When the Chevy Chase Land Company started developing land north of Rock Creek Park in 1890, it built a streetcar to connect to Washington, DC. That streetcar line ended at Chevy Chase Lake on Connecticut Avenue, just south of the Georgetown Branch, where a small building on the west side served as a waiting station and office.
The Chevy Chase Lake waiting station stood on land between Coquelin Run and what is today Parkway Dry Cleaners for at least 80 years, the last 20 as an abandoned structure. In 1980, to preserve it, it was disassembled and moved to Hyattstown, Maryland where it still sits today.
The trolly connected Chevy Chase to Kensington in its heyday
The trolley to Chevy Chase Lake started running in 1892 as the Rock Creek Railway, and it stopped just south of the Georgetown Branch rail line. There they built a turnaround and, on the east side of Connecticut Avenue, a car barn and a lake to provide power for the streetcar. The trolley waiting room was built around that time, but it was originally a home and then a store before the Chevy Chase Lake land company started using it.
The Rock Creek Railway eventually expanded to form the Capital Traction Company and ran trolleys all the way to Kensignton. But in 1935, Capital Traction was given permission to replace the streetcar with buses, which they did on September 15 that same year. The trolley poles, safety domes, and other waiting stations — which were more like bus stop shelters — were all removed over the following week.
The tracks were removed in 1940 when they became valuable as scrap metal (a loophole in the Export Control Act didn't include tracks as a type of scrap metal barred for sale). They were sold to Japan, likely for the construction of armaments during the buildup to World War II.
Despite the end of the streetcar, the waiting room endured
It's not clear what the waiting room was used for after the trolley stopped running, but it's possible it was affiliated with the swimming pool that was built behind it in 1925. The pool was leased to the Chevy Chase Lake Swim Club until 1972.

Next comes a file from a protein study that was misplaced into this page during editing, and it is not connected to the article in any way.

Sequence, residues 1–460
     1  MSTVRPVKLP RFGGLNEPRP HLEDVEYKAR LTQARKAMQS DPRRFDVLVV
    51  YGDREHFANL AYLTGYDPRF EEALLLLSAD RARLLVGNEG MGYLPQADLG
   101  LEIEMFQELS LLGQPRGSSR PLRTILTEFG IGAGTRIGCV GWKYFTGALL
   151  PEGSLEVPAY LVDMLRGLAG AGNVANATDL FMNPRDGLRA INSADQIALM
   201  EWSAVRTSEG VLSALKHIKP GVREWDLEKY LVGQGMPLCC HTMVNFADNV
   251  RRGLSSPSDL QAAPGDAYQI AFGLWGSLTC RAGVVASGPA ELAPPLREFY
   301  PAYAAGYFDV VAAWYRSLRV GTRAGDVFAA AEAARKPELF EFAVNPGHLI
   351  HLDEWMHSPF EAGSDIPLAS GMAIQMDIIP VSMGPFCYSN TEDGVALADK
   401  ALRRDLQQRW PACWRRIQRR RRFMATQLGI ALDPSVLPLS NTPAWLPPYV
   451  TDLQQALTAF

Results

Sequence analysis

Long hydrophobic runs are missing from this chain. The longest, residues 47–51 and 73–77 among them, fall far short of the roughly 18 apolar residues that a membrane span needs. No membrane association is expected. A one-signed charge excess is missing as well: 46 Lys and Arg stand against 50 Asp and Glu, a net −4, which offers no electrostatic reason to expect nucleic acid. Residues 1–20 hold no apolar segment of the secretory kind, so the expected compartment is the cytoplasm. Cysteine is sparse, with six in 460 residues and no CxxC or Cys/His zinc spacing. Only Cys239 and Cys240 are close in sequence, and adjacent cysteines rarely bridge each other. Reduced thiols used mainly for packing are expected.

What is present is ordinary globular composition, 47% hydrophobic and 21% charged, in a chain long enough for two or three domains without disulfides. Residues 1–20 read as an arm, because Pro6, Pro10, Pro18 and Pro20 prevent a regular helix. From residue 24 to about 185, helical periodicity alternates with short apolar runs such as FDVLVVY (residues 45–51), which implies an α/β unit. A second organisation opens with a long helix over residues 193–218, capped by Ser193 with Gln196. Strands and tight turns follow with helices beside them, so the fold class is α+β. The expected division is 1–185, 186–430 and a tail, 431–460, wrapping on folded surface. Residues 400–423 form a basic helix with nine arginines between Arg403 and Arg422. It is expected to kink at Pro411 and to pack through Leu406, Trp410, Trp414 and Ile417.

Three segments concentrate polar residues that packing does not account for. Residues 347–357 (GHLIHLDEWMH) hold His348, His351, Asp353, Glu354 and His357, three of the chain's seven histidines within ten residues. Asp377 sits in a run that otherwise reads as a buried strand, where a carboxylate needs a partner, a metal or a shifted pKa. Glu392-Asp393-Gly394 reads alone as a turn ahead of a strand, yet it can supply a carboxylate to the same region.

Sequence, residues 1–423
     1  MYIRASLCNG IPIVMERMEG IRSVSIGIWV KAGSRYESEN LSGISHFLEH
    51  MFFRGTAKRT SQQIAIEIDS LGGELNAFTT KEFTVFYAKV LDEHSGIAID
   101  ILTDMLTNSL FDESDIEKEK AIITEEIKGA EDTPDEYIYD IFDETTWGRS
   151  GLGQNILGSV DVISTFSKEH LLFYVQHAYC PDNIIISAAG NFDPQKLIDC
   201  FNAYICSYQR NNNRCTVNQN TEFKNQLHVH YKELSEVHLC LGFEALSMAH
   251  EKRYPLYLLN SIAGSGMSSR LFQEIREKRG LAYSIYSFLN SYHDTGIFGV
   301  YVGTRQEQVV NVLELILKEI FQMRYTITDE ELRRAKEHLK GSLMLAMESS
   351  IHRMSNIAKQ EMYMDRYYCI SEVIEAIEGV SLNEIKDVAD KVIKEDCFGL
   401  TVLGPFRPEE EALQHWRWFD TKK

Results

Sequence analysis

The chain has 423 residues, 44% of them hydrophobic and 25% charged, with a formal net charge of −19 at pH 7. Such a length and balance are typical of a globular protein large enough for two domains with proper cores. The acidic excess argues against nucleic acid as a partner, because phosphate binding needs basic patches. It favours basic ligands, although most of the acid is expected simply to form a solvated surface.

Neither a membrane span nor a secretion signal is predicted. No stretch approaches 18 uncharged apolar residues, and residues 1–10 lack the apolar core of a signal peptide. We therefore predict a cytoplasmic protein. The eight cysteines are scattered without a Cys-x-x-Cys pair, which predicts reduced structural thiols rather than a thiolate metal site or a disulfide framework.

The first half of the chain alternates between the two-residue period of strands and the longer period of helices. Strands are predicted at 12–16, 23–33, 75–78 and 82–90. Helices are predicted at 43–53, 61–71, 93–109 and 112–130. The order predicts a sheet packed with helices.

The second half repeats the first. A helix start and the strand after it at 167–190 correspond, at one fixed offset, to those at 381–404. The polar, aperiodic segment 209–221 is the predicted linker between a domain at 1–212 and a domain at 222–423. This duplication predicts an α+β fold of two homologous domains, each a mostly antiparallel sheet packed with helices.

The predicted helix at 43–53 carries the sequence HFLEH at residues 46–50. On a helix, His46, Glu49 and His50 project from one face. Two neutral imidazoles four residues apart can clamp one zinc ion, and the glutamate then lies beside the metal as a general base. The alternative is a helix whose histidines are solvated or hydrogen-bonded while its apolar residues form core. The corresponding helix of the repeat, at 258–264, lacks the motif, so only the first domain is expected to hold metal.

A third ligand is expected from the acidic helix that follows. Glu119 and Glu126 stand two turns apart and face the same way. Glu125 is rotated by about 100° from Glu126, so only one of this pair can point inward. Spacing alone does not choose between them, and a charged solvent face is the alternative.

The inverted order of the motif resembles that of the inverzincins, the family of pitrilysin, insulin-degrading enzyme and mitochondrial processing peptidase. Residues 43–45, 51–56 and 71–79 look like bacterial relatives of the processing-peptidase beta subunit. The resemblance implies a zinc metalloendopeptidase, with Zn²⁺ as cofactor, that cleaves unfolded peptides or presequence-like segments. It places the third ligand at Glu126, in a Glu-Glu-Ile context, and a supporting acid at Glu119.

That year was the last season for the pool, not because the swim club — the oldest in Montgomery County at the time — was unpopular, but because the Land Company planned to build a 16-story luxury apartment complex on the land. (It never did, but it filled in the pool anyway.)
By 1980, the waiting room was the last remaining trolley car station in Montgomery County but it had been left to decay for nearly 20 years. Then the building was deemed historic and thus became something of a white elephant for the Land Company. When local historian and dog kennel owner Edward Knowles and the Friends of Historic Hyattstown offered to move it, the Land Company took their offer.
The land company paid $75,000 to move it to Hyattstown where Knowles attached it to the then 120-year-old Thistle Hill Cottage, formerly the Price’s Distillery Office, which he happened to own. Knowles paid the other $30,000. Friends of Historic Hyattstown helped with some of the labor in exchange for being allowed to use the building for meetings.
In the summer of 1980, the building was dismantled brick by brick and moved to its new home in Frederick County.
What goes around...
Knowles said he wanted to move the waiting room and attach it to Thistle Hill Cottage in the hope of saving both buildings, and it appears he succeeded. The waiting room can now be seen on Price's Distillary Road just east of Green Valley Road in Hyattstown (some might call it Clarksburg), attached to the cottage.
In the google streetview above, you can make out the column and front window from the image above. From the aerial view, you can just make out the curved portion of the roof. The building is now painted, faces west instead of east, and its chimney had to be rebuilt to conform with fire codes. Otherwise, it looks largely the same.
It's great that this piece of Maryland history could be saved, and, like the titular character of Virginia Lee Burton's "The Little House," moved to a setting similar to the one it was originally constructed in. But if it could have just waited for 40 years, the trolley — this time traveling east and west — would've come back to it.